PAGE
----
The cash incentive is to persuade people not to charge their electric car if demand is already high, and to wait until later on to run their washing machine, tumble dryer, or dishwasher.
The National Grid is about to announce how much it will pay per kilowatt hour for people cutting back when there is an acute shortfall in supply.
Instead of cutting off whole chunks of the country if we are short of gas, we can reward people for using less energy at times of peak demand, said Greg Jackson, CEO of Octopus.
The payback service will be available to homes with smart meters installed, as long as their supplier is taking part in the scheme. There are around 14 million households with electricity smart meters in the UK.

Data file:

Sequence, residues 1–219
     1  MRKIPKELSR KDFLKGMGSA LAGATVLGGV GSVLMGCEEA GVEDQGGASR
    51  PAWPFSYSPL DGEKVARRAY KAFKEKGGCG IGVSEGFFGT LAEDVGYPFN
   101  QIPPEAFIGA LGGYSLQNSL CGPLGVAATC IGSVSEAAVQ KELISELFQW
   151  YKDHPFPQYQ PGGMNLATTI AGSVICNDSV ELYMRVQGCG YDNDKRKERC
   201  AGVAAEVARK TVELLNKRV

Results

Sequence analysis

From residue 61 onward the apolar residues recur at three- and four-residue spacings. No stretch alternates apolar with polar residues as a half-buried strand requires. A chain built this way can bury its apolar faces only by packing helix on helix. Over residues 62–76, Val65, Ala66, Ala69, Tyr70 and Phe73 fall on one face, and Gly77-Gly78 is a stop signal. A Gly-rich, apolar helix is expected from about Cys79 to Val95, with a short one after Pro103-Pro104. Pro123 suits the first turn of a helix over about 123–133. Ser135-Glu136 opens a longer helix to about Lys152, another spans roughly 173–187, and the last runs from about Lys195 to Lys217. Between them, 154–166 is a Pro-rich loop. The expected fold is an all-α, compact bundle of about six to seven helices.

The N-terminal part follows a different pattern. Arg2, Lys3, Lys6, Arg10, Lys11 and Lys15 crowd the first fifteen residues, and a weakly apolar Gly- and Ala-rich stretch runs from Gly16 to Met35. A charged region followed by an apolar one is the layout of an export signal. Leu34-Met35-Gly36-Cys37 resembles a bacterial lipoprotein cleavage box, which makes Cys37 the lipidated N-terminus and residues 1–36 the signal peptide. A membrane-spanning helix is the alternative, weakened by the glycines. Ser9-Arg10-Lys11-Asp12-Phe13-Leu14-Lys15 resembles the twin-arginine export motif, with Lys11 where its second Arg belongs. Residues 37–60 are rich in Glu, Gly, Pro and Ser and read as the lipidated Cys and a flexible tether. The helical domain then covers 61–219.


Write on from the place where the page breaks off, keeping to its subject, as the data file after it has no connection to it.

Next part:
Octopus Energy, which ran a trial of the scheme earlier this year, said there could be 25 days over the next six months when National Grid would pay households to reduce their use.
It said that customers who managed to cut back their electricity consumption compared to their previous average electricity consumption would be rewarded with a payment, likely to be between 3 and 6 per kilowatt hour saved.
The compensation rate was likely to be set higher on days when the energy shortfall was particularly severe, the firm said.